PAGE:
The Foundation’s goal is to reduce poverty and homelessness by motivating, supporting, and guiding adult homeless students as they successfully earn degrees, certifications, and vocational skills that will empower them to obtain better earning power, full-time employment, and stable housing.


The Jean Kim Foundation aims to create better outcomes for currently homeless individuals through educational success.


An excerpt from Reverend Doctor Jean Kim’s, the founder of this organization’s, blog:

In all of my professional life of serving poor and homeless people, I have carried this belief: “Had they acquired college education and job skills, they wouldn’t have to depend on welfare and food stamps.” We are living in a day and age that will not allow us to survive if we don’t get an education.
As my 80th birthday approached, my son and daughter-in-law wanted to celebrate it in a special way. I had the idea to ask friends and relatives to not give me any birthday gifts, but to instead make contributions toward education funds for
the homeless.   200 gracious friends and relatives came to celebrate the event and gave generous contributions which gave birth to the Jean Kim Foundation for the Homeless Education, a 501 C (3) tax exempt, non-profit organization.
Ever since that time, I encourage and urge my homeless friends to pursue and enhance their education. I acquired a Master’s degree in Social Work (MSW) from St. Louis University in 1977 at the age of 42. I took core Masters level courses
at Fuller Seminary in the 1980s for my ordination at 52 years of age. I went to San Francisco Theological Seminary and got my Doctor of Ministry degree in 2006 at the age of 71. I poured out all my experience in serving the poor and homeless in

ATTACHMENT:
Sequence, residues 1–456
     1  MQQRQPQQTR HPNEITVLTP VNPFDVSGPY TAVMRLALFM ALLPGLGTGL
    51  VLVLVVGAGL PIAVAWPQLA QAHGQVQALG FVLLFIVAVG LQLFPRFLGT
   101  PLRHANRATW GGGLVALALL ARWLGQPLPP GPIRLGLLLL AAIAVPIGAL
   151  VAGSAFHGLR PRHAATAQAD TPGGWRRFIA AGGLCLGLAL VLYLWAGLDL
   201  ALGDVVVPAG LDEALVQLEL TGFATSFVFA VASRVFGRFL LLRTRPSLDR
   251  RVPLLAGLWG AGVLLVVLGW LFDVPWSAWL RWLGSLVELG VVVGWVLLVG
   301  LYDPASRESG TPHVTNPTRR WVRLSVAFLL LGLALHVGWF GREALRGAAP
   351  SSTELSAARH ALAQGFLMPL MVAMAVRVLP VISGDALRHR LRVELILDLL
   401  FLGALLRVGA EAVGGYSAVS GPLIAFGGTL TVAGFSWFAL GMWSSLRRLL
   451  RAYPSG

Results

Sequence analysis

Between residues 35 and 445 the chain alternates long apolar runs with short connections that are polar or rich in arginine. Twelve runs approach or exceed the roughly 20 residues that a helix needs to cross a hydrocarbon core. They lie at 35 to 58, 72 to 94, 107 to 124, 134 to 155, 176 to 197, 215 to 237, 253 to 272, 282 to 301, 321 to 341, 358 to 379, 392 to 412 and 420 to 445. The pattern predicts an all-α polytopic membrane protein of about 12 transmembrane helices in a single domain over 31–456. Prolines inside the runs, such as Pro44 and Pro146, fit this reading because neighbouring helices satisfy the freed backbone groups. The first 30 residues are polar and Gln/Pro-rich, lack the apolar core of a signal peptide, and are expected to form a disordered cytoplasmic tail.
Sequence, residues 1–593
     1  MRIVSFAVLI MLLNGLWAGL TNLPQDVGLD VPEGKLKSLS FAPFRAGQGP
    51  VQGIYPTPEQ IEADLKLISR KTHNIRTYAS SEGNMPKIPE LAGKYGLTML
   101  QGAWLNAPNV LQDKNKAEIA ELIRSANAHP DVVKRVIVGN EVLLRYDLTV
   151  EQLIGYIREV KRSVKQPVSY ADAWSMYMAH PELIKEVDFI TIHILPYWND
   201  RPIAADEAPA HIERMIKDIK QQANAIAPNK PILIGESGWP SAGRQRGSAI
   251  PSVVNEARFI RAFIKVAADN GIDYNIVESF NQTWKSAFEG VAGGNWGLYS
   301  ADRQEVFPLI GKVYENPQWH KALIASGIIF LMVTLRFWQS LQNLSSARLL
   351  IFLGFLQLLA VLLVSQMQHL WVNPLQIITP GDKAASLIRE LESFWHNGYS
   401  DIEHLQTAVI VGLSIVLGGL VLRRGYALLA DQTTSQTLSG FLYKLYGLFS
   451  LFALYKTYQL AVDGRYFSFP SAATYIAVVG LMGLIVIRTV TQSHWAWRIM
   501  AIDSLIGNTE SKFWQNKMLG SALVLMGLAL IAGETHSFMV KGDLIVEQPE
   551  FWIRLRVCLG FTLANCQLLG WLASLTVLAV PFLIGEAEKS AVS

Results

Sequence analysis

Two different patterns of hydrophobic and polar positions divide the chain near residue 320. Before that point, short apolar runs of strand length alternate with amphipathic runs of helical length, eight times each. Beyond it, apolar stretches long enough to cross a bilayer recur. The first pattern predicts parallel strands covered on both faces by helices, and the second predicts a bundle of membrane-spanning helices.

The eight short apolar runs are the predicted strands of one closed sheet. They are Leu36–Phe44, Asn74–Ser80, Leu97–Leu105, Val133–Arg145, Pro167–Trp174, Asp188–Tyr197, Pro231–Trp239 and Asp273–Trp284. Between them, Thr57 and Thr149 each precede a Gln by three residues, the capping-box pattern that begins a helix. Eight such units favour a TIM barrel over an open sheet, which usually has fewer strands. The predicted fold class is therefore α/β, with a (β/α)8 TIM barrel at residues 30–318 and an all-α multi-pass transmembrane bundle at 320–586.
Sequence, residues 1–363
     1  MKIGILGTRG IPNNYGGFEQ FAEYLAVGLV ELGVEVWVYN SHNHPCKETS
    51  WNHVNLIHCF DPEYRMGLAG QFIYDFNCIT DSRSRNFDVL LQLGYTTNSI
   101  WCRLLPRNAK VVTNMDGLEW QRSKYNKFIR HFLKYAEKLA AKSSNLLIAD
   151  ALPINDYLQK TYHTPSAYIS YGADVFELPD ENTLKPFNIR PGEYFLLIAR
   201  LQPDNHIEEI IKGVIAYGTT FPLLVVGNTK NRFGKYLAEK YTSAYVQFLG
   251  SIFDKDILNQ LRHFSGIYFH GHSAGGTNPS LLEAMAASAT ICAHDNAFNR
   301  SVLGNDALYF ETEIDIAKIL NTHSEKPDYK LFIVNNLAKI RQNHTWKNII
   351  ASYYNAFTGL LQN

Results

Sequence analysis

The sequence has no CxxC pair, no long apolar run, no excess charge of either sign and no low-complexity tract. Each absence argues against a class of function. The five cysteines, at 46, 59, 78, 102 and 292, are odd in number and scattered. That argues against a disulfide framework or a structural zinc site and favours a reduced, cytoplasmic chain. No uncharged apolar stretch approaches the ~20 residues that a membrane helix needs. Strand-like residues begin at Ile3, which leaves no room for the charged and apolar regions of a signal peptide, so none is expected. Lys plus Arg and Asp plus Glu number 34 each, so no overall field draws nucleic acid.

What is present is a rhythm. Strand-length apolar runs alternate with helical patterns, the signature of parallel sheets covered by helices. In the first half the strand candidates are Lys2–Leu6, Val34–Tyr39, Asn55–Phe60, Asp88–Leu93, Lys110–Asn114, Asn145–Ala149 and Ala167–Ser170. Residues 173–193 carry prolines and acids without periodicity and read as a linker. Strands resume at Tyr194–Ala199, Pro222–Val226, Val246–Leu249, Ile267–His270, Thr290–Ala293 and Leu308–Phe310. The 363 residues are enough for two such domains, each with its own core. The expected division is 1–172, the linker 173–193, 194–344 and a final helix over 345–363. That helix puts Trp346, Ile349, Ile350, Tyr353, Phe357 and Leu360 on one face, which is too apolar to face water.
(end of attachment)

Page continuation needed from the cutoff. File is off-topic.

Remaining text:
the U.S. in my 300 page dissertation which became the basis of my five books. I got a wonderfully thorough education and it is my turn to provide educational opportunities for my dear homeless friends.
In addition to these stories I have had several visions of God’s calling. In 1988 I was serving in campus ministry at the University of Washington and working with homeless and mentally ill people in downtown Seattle. On Easter night, exactly
one year after my ordination, I had a dream in which I was standing inside the front door of a small one-room church. From the midst of an enormous fire, God commanded me to “plant a cross” where I was standing, and he said “it will grow
through the roof.”  One day after having that dream, I was admitted to Stevens Hospital with a high blood pressure and chest pain. From my hospital bed I asked God what exactly his message to plant to a cross meant.  While I was in a dozing state, the whole room turned snow white and the meaning of the dream came clear to me: I must develop a ministry for homeless women.  I surrendered to God by responding, “Yes, yes, I will do it.” “Planting the cross” meant not the dead wooden cross but planting the living cross that represents all who Jesus is; his absolute love, care, compassion, forgiveness, sacrifice, emptying, sharing, and hope for the most poor, homeless, and excluded ones. So my mission is planting the cross in the
souls of my homeless friends and supporters as well. Thanks be to God!

 Please visit her page at